• Process
  • Impact on patient's life
  • Risks and side-effects
  • Accessibility
  • Alternatives

What does the treatment process look like?

The patient first reports for laboratory testing. The following day, the patient undergoes surgery. After the operation, the patient stays in the hospital ward for three to four days, during which time she is continually monitored. The surgery is considered successful if the wound heals without infection, bleeding, or fever, and if the patient no longer experiences urinary dysfunction.

What is the impact of this treatment on the patient’s life?

In the case of uterine fibroids or early-stage cancer, a total abdominal hysterectomy is curative.

What potential side effects or risks come with this treatment?

If performed early enough, this surgery is low-risk and curative, with few side effects.

How accessible is treatment in the area? What is the typical journey like for a patient to receive care?

This surgery is available, but many patients cannot afford it. Many women are screened for cervical cancer with a low-cost alternative to a pap smear. This is common in HIV treatment programs. If necessary, the woman is referred for surgery, which she often cannot afford.

What are the alternatives to this treatment?

If cervical cancer is caught early enough, some minor procedures can solve the problem. Women with fibroids who still wish to have children may opt to undergo a surgery that only removes the fibroids, which is called a myomectomy.

Meet another patient you can support

100% of your donation funds life-changing surgery.

Meshack

Meshack is a six-year-old boy, living with his mother and one sibling, in a one-roomed grass thatched house in a village in Kenya. Recently, Meshack completed his preschool studies and now he is in grade one. According to his mother, Meshack is very helpful, and always assists her around the farm and in doing household chores. Meshack's mother is a single parent and a farmer, who works hard to provide for her family. Meshack was born with a condition known as hemiplegic CP, which means that one side of his body is weak. His right foot is affected, making walking challenging. Additionally, Meshack was born with clubfoot of his left foot, which adds to his difficulty walking, and limits his ability to wear shoes. Meshack has already undergone some preliminary, preparatory procedures on his left foot during mobile clinic visits near his village and the next step is for him to have clubfoot repair surgery at our medical partner's hospital. Meshack and his mother have now traveled to visit our medical partner's care center, AIC Cure International Hospital. There, surgeons will perform clubfoot repair surgery on May 27th. Our medical partner, African Mission Healthcare, is requesting $1,286 to fund Meshack's surgery, which will enable him to walk, to play with his friends, and to continue his education. “I would love to see my son walking like other children, and I will be relieved of the burden of carrying him to school,” Meshack's mother told us.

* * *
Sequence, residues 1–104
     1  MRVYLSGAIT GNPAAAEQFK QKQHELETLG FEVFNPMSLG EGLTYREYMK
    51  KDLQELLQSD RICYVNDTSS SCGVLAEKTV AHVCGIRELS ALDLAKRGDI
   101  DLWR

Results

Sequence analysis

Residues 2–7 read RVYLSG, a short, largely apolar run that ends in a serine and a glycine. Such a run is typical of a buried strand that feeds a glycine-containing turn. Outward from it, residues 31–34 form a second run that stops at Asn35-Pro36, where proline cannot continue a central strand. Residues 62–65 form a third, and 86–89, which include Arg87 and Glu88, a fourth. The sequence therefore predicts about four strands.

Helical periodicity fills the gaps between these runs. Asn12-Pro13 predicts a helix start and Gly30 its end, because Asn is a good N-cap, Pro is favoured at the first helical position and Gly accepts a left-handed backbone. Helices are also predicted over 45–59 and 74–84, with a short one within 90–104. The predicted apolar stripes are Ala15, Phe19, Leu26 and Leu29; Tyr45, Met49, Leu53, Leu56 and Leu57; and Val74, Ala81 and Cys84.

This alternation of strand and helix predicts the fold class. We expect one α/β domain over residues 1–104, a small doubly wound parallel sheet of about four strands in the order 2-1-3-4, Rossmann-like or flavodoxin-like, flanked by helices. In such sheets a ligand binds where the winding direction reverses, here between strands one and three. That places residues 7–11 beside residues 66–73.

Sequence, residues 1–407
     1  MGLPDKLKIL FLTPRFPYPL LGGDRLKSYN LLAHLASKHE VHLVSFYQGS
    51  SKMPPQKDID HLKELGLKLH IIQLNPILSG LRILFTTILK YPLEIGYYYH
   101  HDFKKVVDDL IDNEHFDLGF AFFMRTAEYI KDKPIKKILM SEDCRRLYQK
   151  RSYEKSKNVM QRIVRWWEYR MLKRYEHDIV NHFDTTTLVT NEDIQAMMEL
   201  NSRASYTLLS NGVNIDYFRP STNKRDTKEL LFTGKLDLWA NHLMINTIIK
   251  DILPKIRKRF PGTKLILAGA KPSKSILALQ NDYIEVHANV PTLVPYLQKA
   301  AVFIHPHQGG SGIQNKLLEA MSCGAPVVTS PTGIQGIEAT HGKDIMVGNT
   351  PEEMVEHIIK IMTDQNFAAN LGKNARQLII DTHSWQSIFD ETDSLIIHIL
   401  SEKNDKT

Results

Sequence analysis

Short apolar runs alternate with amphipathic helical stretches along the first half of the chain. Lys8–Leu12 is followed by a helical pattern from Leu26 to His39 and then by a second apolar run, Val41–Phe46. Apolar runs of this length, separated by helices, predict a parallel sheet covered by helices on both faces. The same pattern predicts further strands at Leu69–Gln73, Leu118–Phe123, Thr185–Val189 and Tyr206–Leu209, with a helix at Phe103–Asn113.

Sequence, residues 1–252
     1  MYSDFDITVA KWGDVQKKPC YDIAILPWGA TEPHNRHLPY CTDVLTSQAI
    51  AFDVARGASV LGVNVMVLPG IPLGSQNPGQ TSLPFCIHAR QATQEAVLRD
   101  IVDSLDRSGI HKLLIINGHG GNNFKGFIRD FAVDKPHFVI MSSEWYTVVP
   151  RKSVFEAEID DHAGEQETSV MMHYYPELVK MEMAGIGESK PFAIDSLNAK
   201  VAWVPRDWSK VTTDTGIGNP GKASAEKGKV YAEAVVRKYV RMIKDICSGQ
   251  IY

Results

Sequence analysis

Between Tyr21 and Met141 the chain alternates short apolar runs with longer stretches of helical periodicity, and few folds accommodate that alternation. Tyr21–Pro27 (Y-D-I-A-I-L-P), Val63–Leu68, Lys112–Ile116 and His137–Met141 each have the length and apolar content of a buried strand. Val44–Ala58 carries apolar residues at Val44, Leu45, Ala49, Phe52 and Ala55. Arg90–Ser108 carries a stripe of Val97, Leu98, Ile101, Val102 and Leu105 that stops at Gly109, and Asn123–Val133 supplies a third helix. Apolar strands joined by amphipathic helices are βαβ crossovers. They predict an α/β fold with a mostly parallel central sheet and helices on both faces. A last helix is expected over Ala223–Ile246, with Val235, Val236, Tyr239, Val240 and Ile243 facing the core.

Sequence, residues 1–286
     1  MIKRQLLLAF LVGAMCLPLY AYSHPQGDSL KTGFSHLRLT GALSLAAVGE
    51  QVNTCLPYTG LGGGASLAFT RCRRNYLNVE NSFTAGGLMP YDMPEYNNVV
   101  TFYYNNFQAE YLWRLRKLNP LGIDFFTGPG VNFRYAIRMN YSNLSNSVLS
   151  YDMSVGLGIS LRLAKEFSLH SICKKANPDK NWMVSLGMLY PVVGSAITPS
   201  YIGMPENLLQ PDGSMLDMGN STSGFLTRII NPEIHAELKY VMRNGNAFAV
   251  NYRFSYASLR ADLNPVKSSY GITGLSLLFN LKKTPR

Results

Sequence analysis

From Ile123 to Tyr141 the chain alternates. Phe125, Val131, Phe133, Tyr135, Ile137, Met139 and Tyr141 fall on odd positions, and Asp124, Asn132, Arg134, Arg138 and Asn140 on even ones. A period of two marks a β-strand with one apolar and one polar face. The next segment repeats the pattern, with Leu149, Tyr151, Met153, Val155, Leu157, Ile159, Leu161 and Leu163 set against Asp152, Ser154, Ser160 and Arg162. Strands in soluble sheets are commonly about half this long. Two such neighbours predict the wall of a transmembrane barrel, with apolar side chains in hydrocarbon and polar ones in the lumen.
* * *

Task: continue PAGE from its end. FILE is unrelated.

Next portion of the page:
33% funded

33%funded
$428raised
$858to go
Minea

Minea is a sweet, nap-loving two-year-old boy. He is the first child in his family, and his parents work as rice farmers. They shared that Minea loves to play with toys and take a good nap, if not two, every day! Minea also loves to eat and cuddle with his parents. In December 2021, Minea and his mother were in a motorcycle accident that injured Minea's left shoulder. His parents took him to the local hospital for X-rays and care; however, his shoulder is still dislocated, meaning he cannot lift his arm or grasp objects with his hand. Minea has been diagnosed with a brachial plexus injury on his left side. The brachial plexus is a nerve network that transmits signals from the spine to the shoulder, arm, and hand. Injuries to this nerve network can result in loss of function and sensation. Minea's family brought him to our medical partner, Children's Surgical Centre (CSC), in February to undergo physiotherapy for his injury. Since there has been no improvement after three months of physiotherapy, CSC's specialty surgeons determined that Minea needs to undergo a nerve transfer surgery to heal. CSC is the only center in the whole country where this treatment is available, and, on April 21st, Minea will undergo surgery. His doctors shared that, after recovery, his nerve graft should regenerate so he can use his arm again. CSC is requesting $709 to fund this procedure. Minea's parents hope their child will have a successful surgery and he will be able to fully use his hand as he grows up.

32% funded

32%funded
$230raised
$479to go

Meet another patient you can support

100% of your donation funds life-changing surgery.